Benefits of NSAIDs as Part of Multimodal Analgesia Regimen in Children
Investigators searched for randomized controlled trials that evaluated the use of NSAIDs as part of a multimodal analgesia regimen for the management of pain in children.
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LAS VEGAS — Perioperative and emergency department use of non-steroidal anti-inflammatory drugs (NSAIDs) as part of a multimodal analgesia regimen may improve pain control in pediatric populations and avoid opioid-related adverse events, according to a study presented during the 2018 PAINWeek conference, held September 4–8.
Using the PubMed database, investigators searched for randomized controlled trials that evaluated the use of NSAIDs as part of a multimodal analgesia regimen for the management of pain in children in a perioperative or emergency department setting and for conditions of special interest (tonsillectomy, sickle cell, musculoskeletal, and fracture). Outcome measures included the effect of multimodal analgesics on pain scores, morbidity, opioid dose consumption, and adverse events.
The literature review included 18 articles on NSAID studies that investigated the effects of ibuprofen (n=9), ketoprofen (n=4), diclofenac (n=2), ketorolac (n=2), and lornoxicam (n=1) in pediatric populations. Eight studies examined NSAID use for musculoskeletal injury and orthopedic surgery, 5 studies involved NSAID use for tonsillectomy or adenoidectomy, 3 studies involved “other” surgeries, and 2 involved dental surgery. Two studies compared different administration routes and formulations of ketoprofen (intravenous vs intramuscular, and intravenous vs per rectum).
Ibuprofen provided equivalent analgesia compared with opioid medications (6 studies), and significantly reduced pain scores compared with acetaminophen alone or in combination with codeine. Ibuprofen was shown to reduce meperdine need (1 study). Ketoprofen offered a significant reduction in morphine equivalents and pain scores compared with tramadol and placebo. Diclofenac was found to reduce pain scores compared with placebo and acetaminophen, and offered longer-lasting analgesia when combined with bupivacaine infiltration vs bupivacaine caudal block. Ketorolac showed a significant reduction in morphine need (1 study) and reduced pain scores to levels comparable with those obtained with tramadol (1 study). Lornoxicam was beneficial in reducing pain at rest but was not assessed for change in morphine equivalent consumption. In all of the studies, NSAIDs were well tolerated by pediatric patients. Adverse events associated with NSAIDs were less than with opioids and similar to placebo; only 1 study involving ketoprofen reported significant operative blood loss.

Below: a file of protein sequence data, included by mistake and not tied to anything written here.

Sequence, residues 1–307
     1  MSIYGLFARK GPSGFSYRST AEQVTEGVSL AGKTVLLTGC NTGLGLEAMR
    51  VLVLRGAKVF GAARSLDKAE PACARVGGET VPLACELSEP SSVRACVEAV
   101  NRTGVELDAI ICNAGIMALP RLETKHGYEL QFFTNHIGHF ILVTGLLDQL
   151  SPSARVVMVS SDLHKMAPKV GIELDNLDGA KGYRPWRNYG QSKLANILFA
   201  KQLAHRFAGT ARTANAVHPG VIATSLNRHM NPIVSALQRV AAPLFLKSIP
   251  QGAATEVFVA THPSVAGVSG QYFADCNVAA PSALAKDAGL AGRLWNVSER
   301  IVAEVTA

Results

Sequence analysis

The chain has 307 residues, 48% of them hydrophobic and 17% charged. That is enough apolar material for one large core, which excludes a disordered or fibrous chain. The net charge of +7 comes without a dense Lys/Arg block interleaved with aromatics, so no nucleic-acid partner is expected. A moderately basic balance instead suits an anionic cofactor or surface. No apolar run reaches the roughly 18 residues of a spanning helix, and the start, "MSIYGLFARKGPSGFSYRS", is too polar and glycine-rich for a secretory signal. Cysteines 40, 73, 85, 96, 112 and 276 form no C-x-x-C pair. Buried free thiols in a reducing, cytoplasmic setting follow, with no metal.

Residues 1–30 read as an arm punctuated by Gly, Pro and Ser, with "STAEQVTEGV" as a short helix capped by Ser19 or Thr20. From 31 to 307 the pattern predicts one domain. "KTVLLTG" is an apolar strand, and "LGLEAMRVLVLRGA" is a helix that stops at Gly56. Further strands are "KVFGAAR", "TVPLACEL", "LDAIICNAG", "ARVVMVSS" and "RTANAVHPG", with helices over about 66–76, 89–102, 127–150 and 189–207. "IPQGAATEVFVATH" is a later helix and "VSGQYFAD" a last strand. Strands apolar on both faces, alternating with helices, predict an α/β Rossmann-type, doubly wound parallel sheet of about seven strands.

”In pediatric studies where NSAIDs are evaluated as part of a multimodal regimen, pain relief is consistent with their use, often in an equivalent fashion to pain relief from opioid analgesics such as morphine or oxycodone. Additionally, NSAIDS are better tolerated than opioids and do not appear to be associated with increased operative blood loss over placebo, with the possible exception of ketoprofen,” concluded the study authors.
Angoulvant F, Barbosa S. Multimodal pain management in children: NSAID use in the perioperative and emergency department setting. Presented at: 2018 PAINWeek; September 4–8, 2018; Las Vegas, NV. Poster 26.
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